A dynamic hub for innovative research into the causes, implications, and most effective interventions related to osteoarthritis.

MCRC Wheel
One objective of the MCRC is to help identify best practices for communities to reduce the impact of osteoarthritis.

Chronic diseases are not just problems for individuals…they are also public health problems with far reaching implications for society. And when it comes to chronic diseases, one of the most significant is osteoarthritis (OA) – a leading cause of disability among older adults.1

More than 30 million Americans are affected by osteoarthritis. According to the US Bone and Joint Initiative, 33% of reported lost work days for medical conditions was due to arthritis-related conditions. Medical expenditures attributed to OA cost over $62 billion each year between 2008-2011.2 Unfortunately, this already serious public health issue is expected to steadily worsen with the increasing size of our aging population as well as the increasing population of overweight individuals.

To mitigate the public health impact of osteoarthritis, in 2013 the National Institute of Arthritis and Musculoskeletal and Skin Disease (NIAMS), which is part of the National Institutes of Health (NIH), awarded a $5.6 million grant to the UNC Thurston Arthritis Research Center in order to create an innovative Multidisciplinary Clinical Research Center (MCRC).

Led by Leigh F. Callahan, PhD, Director; and Richard F. Loeser, Jr., MD, Associate Director, the MCRC is focused on three core objectives:

1) Understanding the primary causes associated with the development of OA and its impact on people with the disease.
2) Identifying crucial best practices that can be adopted by communities throughout the U.S. in order to help prevent the occurrence and progression of OA symptoms, including disability.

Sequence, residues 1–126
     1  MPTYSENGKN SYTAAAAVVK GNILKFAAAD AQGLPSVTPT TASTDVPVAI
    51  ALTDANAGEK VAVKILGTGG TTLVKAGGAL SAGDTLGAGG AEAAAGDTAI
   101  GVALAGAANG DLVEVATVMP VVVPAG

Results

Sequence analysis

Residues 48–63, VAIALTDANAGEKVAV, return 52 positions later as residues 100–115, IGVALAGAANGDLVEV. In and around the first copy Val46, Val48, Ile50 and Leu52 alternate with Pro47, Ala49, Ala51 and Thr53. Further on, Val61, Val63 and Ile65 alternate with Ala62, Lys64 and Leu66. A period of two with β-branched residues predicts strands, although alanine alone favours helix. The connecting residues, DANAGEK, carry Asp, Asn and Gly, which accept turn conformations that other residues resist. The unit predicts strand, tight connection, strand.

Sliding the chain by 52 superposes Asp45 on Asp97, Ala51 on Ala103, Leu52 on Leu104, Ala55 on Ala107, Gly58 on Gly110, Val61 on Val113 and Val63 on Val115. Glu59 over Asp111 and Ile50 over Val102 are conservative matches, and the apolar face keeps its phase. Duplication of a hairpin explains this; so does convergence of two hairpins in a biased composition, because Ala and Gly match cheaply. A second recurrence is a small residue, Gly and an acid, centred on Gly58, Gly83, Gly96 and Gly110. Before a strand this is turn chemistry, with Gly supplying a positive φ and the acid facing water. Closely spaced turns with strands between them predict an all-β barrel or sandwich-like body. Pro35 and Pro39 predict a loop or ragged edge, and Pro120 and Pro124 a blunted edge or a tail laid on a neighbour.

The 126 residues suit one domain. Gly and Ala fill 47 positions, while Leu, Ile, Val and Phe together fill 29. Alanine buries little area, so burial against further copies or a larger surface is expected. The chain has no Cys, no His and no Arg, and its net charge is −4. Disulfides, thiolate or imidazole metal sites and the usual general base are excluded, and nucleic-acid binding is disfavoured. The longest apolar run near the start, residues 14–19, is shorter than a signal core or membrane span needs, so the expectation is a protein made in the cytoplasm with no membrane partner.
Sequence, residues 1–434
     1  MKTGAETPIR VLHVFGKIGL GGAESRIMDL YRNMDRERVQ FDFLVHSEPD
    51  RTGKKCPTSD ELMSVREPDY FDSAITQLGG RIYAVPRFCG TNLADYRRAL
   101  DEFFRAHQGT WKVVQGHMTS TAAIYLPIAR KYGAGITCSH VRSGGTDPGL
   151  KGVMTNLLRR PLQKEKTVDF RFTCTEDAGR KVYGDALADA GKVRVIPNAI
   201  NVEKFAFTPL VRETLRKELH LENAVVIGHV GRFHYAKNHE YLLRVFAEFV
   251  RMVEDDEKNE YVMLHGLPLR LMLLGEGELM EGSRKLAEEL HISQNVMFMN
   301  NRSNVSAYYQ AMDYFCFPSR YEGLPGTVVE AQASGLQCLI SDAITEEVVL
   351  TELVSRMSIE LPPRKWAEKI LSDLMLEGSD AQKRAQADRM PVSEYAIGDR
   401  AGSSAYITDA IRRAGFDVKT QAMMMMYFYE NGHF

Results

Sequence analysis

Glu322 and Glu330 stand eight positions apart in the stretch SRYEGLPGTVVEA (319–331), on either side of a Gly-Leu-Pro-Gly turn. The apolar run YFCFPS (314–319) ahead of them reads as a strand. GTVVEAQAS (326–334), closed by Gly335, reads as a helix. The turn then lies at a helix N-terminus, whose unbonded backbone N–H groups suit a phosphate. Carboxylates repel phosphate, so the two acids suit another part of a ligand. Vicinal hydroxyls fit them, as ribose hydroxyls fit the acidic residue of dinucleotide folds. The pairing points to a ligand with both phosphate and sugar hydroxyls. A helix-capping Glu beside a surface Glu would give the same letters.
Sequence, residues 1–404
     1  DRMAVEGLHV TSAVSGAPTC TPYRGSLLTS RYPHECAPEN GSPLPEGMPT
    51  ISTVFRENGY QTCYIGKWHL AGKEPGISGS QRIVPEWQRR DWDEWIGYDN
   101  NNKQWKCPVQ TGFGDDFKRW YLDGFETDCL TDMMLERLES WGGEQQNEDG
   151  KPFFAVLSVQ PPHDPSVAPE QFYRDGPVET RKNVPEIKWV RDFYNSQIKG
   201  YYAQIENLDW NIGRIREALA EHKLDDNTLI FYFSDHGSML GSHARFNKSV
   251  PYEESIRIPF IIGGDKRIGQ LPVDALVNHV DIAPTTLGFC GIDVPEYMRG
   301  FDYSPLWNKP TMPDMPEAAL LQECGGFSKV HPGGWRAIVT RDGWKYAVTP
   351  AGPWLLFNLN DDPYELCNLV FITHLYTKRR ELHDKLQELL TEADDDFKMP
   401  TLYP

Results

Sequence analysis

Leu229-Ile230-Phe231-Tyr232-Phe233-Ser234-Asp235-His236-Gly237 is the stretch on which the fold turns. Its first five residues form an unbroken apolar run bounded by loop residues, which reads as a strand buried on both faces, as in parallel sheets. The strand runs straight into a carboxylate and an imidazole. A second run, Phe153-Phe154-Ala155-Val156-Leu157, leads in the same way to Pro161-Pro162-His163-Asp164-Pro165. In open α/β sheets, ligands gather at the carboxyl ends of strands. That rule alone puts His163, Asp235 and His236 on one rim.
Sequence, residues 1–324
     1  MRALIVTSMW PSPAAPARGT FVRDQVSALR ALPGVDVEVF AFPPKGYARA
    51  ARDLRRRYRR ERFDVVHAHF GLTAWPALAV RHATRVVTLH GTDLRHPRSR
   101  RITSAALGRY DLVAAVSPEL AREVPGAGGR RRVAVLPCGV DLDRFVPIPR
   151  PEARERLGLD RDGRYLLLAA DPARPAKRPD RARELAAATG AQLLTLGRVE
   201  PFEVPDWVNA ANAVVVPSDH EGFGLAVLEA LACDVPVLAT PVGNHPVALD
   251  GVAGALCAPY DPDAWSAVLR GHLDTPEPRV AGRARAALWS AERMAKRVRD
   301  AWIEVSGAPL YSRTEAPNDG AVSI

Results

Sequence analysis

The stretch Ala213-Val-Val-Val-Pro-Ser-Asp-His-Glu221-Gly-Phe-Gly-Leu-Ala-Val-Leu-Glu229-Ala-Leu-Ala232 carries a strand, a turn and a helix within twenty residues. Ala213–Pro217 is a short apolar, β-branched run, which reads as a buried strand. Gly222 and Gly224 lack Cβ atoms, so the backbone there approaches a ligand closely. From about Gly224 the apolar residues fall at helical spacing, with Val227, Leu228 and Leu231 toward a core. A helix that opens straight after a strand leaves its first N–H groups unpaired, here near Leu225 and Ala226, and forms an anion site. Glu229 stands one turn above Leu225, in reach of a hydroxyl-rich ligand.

3) Transforming the nature of the already leading OA research within the University of North Carolina to make it a dynamic hub for innovation and collaboration focused on reducing the incidence and impact of OA throughout the US.

Utilizing an integrated approach

The MCRC serves as a nexus for multidisciplinary collaboration related to osteoarthritis research.

These are ambitious objectives, but as the most comprehensive OA research center in the US, the MCRC particularly is well suited to continue aggressively pursuing the following four action-oriented goals:

  • Conduct rigorous interdisciplinary OA translational (laboratory-based) research as well as clinical research encompassing epidemiologic, biomechanical and social/behavioral approaches.
  • Better understand the role of factors such as ‘partner or significant-other support’ in relation to OA patients’ physical activity levels. Also, study biomarkers and biomechanics associated with injury-related OA to gain important new insights regarding this disease.
  • Provide additional training for investigators involved in the development of emerging research related to OA (and related conditions) that may be suitable for additional funding and exploration.
  • Serve as a vital and dynamic research hub and nexus for collaborating multidisciplinary research entities related to OA and related musculoskeletal diseases.

To help it achieve these goals, the MCRC draws upon the broad resources of the Osteoarthritis Action Alliance, as well as the Johnston County Osteoarthritis Research Project.

Finding solutions that (really) work

The MCRC is motivated by an important call-to-action named A National Public Health Agenda for Osteoarthritis. It is the product of a mandate from Centers for Disease Control and Prevention (CDC), Arthritis Foundation (AF) and National Institutes of Health (NIH) to the research and public health communities to develop and launch a public health initiative to mitigate the impending OA crisis. A key strategy targets the need to understand how to increase the utilization of effective interventions for OA and OA prevention, such as weight control, avoidance of joint injuries, increased physical activity, and self-management education. While the scientific community has demonstrated and documented the benefits of these approaches, little is known regarding the best ways to foster the actual uptake of these important behaviors, especially over the long term.

  1. Barbour KE, Helmick CG, Boring M, Brady TJ. Vital Signs: Prevalence of Doctor-Diagnosed Arthritis and Arthritis-Attributable Activity Limitation — United States, 2013–2015. Morb Mortal Wkly Rep 2017;66:246–253. DOI: http://dx.doi.org/10.15585/mmwr.mm6609e1.
  2. United States Bone and Joint Initiative: The Burden of Musculoskeletal Diseases in the United States (BMUS), Third Edition, 2014. Rosemont, IL. Available at http://www.boneandjointburden.org.